U.S. Free Trade Agreements Are Stalled Over Worker Benefits

Deals with Colombia, Panama, and South Korea are tied to Trade Adjustment Assistance

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In the past few months, President Obama has talked about setting up free-trade agreements with Colombia, Panama, and South Korea. It seems like the White House would like to see these deals happen--it's believed they'd be good for America's economic and foreign-policy health--and there are a lot of congressional Republicans who agree. But this week, the White House made it clear that the free-trade deals aren't going to happen unless the GOP gives some ground on worker benefits.

The issue here is the Trade Adjustment Assistance program, a Department of Labor resource that helps American workers who've lost their jobs due to foreign competition. The TAA provides retraining and financial assistance for workers who need to search for a new job or move to a new city. The program, which has existed for decades, underwent an expansion in 2009 as part of the stimulus package.

That expansion has expired, but the White House, and congressional Democrats, would like to see it get an extension. On Monday, Obama's aides indicated they'd be fine with holding up the free-trade deals until Republicans agree to keep the TAA operating at its 2009-2010 level of spending.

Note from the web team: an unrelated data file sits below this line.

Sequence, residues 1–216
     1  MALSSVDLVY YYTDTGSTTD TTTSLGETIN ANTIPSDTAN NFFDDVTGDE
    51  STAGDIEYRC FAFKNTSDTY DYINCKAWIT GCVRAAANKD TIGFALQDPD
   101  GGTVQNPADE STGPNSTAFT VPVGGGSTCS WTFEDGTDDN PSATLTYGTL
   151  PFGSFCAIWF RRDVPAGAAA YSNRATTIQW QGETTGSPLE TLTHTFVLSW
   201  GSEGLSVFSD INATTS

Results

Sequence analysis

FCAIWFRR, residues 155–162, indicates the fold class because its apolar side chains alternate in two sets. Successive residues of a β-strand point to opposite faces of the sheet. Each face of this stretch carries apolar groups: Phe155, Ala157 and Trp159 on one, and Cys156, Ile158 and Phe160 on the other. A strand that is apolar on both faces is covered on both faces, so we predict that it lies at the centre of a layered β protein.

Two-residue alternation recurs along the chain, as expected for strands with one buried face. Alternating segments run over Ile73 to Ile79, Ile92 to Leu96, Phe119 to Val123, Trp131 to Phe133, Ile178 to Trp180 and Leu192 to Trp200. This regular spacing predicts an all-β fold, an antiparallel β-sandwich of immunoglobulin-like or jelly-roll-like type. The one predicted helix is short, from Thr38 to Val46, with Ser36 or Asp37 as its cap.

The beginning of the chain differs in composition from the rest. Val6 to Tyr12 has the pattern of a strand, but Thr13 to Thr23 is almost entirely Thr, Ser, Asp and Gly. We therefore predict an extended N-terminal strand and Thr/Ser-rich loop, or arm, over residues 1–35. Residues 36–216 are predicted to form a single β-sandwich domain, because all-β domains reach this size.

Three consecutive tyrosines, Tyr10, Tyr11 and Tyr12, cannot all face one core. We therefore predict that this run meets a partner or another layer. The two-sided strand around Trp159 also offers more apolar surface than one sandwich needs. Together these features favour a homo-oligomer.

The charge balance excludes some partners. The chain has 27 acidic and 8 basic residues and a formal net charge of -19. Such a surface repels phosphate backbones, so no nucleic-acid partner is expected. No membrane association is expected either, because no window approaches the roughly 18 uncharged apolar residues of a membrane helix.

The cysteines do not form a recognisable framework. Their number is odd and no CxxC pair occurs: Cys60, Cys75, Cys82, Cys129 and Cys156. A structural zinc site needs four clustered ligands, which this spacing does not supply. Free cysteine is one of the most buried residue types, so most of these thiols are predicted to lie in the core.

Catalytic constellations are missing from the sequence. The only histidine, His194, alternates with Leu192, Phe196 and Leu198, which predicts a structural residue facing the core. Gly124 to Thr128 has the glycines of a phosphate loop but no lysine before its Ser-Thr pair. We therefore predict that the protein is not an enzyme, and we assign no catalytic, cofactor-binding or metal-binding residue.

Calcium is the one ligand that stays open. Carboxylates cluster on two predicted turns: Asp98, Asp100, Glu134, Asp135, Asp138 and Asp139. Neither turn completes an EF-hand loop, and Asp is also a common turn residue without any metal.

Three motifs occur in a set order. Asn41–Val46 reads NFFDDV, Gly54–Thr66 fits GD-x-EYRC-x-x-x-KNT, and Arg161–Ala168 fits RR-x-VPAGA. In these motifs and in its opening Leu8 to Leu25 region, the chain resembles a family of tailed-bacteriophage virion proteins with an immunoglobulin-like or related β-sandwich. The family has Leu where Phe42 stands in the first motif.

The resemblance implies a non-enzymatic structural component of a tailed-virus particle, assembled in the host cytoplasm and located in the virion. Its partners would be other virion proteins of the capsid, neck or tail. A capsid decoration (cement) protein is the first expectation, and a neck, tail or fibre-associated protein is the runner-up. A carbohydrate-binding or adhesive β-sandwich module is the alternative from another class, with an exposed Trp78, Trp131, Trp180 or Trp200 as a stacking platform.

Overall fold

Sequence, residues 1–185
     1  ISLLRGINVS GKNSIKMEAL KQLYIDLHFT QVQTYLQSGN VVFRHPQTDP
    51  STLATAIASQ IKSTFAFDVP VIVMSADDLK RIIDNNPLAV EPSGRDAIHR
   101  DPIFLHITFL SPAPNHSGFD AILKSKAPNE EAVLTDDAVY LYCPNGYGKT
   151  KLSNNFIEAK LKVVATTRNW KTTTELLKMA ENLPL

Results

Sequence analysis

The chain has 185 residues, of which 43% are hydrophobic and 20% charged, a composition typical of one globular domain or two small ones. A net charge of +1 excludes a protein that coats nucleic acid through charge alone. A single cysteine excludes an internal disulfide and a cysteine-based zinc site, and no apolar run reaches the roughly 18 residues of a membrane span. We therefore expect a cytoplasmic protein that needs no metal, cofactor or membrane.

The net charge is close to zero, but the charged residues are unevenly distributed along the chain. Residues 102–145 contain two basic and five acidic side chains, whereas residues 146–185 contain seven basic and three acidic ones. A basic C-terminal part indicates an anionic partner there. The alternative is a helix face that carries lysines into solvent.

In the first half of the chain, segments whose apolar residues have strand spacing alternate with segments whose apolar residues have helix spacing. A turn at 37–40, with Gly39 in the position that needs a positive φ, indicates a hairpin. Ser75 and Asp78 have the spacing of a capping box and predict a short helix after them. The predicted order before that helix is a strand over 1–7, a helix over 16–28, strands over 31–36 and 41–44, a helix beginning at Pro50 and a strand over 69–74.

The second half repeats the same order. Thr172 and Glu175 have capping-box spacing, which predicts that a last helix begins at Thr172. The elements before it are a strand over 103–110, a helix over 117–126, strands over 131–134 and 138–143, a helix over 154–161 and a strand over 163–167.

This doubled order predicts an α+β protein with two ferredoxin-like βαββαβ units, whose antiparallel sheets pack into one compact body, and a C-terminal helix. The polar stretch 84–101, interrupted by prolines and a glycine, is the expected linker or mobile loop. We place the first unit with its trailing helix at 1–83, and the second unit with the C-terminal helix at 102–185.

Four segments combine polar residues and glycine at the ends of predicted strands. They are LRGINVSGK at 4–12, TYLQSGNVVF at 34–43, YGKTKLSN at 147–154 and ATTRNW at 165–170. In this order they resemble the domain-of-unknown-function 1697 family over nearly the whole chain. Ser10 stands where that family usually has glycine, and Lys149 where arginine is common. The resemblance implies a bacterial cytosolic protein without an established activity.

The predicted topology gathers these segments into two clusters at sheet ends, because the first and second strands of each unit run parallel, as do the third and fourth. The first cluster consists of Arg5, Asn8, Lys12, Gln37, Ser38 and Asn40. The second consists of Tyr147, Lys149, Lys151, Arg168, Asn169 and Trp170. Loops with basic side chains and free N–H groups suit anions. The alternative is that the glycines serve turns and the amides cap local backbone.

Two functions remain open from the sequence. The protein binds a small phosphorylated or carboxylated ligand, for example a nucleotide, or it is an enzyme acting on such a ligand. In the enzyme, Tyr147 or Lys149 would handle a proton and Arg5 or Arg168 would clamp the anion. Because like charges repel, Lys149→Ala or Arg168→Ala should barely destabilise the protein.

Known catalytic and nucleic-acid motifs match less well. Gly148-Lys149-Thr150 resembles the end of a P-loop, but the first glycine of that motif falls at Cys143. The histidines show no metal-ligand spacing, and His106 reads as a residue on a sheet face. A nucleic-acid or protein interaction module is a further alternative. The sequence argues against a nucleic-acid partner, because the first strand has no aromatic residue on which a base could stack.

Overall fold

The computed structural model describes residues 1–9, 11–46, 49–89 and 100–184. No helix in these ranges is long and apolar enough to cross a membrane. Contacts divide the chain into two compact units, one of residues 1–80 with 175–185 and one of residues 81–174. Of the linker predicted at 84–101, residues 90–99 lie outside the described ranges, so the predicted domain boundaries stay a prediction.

This isn't the first time the Colombia, Panama, and South Korea trade agreements have been used as bargaining points in a Capitol Hill standoff. In March, Republicans threatened to block Obama's nominee for commerce secretary until they got trade treaties for all three countries.

Now, the White House seems confident it can strike a deal with congressional Republicans to expand TAA benefits and move the trade deals along. Gene Sperling of the National Economic Council said that "[we] believe we can work on congressional leadership to get that accomplished." But Orrin Hatch, the top Republican on the Senate Finance Committee, is using more combative language, calling the White House's ultimatum "hugely disappointing." As quoted in The New York Times, Hatch has said that "it makes no sense to shut the door on increasing U.S. exports by over $10 billion in order to fund a costly program."

This article is from the archive of our partner The Wire.